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Chautala told to surrender on Saturday

Press Trust of India New Delhi | Updated on November 25, 2017 Published on October 10, 2014

Former Haryana CM accused of misusing bail to campaign for Assembly polls

The Delhi High Court on Friday directed former Haryana Chief Minister Om Prakash Chautala to surrender before jail authorities on Saturday for allegedly misusing bail and campaigning for Assembly elections.



The High Court said the Indian National Lok Dal (INLD ) chief “cannot take the court for ride” and “cannot be permitted to question the majesty, dignity and decorum of this court”.



“Let him surrender tomorrow. Let’s not bargain over this,” Justice Siddharth Mridul said while refusing to grant time till Sunday or Monday morning to surrender.



The INLD leader was granted bail in a case relating to a teachers’ recruitment scam in which he has been convicted and sentenced to 10 years. His appeal is pending in the High Court.



Chautala, who was yesterday directed to appear in person, was present in the high court. He was served with the High Court summons in the Tis Hazari court, where he was appearing in connection with another case of disproportionate assets.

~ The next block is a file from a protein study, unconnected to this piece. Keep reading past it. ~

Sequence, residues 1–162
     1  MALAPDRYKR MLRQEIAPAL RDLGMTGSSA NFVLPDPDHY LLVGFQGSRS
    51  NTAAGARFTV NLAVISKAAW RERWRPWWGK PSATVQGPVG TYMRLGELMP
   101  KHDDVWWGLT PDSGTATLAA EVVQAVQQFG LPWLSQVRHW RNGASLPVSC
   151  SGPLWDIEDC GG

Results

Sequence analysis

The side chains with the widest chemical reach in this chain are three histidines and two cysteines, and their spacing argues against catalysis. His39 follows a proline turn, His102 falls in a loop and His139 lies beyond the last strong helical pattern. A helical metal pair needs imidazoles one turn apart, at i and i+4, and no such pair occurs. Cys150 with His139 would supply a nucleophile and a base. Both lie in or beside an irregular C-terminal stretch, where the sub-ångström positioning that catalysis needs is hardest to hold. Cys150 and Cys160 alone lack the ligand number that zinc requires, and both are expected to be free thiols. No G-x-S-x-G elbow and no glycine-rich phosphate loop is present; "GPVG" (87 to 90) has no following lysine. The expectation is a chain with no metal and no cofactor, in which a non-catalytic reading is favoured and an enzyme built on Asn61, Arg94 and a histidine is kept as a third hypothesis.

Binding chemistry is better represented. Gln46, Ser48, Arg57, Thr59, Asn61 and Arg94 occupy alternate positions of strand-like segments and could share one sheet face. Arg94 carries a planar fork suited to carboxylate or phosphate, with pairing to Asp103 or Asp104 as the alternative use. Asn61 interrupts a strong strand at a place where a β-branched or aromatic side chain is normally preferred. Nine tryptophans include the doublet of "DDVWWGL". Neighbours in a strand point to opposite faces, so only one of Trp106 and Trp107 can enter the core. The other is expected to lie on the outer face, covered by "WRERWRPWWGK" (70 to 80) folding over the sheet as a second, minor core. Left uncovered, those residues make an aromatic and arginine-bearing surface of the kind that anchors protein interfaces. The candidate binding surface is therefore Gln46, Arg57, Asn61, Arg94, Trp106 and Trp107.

The High Court judge orally made it clear that Chautala would not indulge in campaigning in the intervening period till he surrenders and also declined his plea seeking more time to surrender.



“I need treatment for fractures that are in the process of healing. I will surrender on October 17, if court allows it,” 79-year-old Chautala said while his counsel was making submission.



No more campaigning



“If he wants to surrender on Sunday, then he will go back to his residence and there will be no campaigning,” the court observed during the hearing.



The court said that if jail authorities deem it necessary they may take him to AIIMS for medical treatment. The CBI, which had sought cancellation of Chautala’s bail, wanted him to surrender today itself.



“Fact is if he is well enough to campaign, well enough to travel, he will have to surrender,” the court said. “I cannot for a moment permit anyone to question the majesty, dignity and decorum of this court. I cannot permit this. Justice must not only be done, it must be seen to be done,” it added.

Published on October 10, 2014
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